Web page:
The structure of the chromophore and of the co-polymer matrix is investigated by various techniques including 1H-NMR and vibrational spectroscopy. Thermal parameters are examined together with structural changes occurring within co-polymer films by increasing temperatures. Polarized Raman, infrared spectra and SHG measurements allow establishing the degree of order in thin films before and after thermal poling. In situ measurements of the SHG response emphasize the necessity of a tight temperature regime during poling. The observed NLO response is strong and exhibits substantial long term stability. The relative intensities of SHG signals measured in sp and pp polarized è-scans indicate a high degree of poling-induced order in the poled co-polymer films. Although poling-induced NLO responses arise mainly from the alignment of the chromophore molecules, the arrangement of the polymers side chains (R) contributes likewise to the overall order. Orientation phenomena in the polymer may be assessed by considering the tacticity of the side chains, as derived from H-NMR and infrared spectroscopy.
Solvatochromism and Aggregation of the Chromophore
The optical spectra of DR1-methacrylate type co-polymers (P1, P2, P3) revealed solvatochromism in the form of a bathochromic red shift of the maximum of the absorption band upon increasing polarity of the co-polymer. On the other hand, aggregation of chromophores is reflected in a blue shift of the maximal absorption with increasing chromophore loading. Although this effect was observed for all three concentration series of the chromophore containing polymers, it is strongest in P1 the most polar of the three polymers.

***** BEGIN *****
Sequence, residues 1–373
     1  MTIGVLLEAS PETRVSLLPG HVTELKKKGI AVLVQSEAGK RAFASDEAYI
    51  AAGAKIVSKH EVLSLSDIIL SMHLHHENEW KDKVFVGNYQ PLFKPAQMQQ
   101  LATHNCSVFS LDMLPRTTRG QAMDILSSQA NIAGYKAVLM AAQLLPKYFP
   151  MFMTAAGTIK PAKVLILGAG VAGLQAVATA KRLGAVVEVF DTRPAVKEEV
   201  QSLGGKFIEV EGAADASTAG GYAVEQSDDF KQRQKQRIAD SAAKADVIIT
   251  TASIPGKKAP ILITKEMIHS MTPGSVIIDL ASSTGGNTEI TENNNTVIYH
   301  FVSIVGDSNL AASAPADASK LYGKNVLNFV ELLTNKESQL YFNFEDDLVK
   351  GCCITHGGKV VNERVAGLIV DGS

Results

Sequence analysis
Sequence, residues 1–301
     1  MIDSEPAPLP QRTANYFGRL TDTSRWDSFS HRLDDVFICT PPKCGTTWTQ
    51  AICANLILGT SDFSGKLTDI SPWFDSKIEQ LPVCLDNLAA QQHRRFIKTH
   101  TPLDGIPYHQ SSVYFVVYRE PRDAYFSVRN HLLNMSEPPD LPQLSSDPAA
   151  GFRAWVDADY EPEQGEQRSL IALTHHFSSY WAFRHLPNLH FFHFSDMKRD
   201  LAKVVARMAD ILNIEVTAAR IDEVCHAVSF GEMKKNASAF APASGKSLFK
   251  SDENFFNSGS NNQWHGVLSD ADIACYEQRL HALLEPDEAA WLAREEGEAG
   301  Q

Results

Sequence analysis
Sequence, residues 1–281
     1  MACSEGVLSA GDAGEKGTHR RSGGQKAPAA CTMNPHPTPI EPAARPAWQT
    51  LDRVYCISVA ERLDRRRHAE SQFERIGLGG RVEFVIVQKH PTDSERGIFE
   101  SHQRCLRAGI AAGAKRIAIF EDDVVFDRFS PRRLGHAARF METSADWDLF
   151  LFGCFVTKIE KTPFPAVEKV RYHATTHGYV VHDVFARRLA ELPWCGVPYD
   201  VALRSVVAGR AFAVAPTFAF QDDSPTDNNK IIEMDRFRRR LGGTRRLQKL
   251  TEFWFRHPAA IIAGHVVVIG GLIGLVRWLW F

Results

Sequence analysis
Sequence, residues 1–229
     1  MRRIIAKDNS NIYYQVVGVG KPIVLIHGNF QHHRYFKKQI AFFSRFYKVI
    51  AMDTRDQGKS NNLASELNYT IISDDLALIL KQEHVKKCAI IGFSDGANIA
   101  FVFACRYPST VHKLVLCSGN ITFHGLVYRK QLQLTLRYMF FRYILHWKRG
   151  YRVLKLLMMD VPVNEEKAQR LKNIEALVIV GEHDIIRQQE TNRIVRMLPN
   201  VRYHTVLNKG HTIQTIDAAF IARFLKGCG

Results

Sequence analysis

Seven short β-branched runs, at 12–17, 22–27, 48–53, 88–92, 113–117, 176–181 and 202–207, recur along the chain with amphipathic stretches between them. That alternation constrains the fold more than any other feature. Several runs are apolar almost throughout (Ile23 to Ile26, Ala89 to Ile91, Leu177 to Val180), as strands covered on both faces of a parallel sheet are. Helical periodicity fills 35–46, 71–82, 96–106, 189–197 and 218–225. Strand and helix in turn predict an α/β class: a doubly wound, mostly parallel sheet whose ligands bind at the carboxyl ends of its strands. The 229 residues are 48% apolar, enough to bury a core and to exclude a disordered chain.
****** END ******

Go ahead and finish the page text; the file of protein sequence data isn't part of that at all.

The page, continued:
1H-NMR spectra of the aromatic protons of the chromophore provide also information on aggregation effects. The spectrum of P3 shows instead of one broad central line two separate resonances for the protons on the nitro-substituted ring. In addition, the resonance of the "d" protons next to the amino group was found strongly up-shifted in the P3 co-polymer. These effects can be explained by the interaction of the low polarity and bulky side chain of P3 with the chromophore, as this chain coils around the DR1 molecule (a). Because of the much shorter side chains this option was not observed for the more polar co-polymers P1 and P2. Nevertheless, the optical spectra suggest that local environments of lower polarity can be created in co-polymers Pi and P2 by aggregation of the chromophore molecules (b).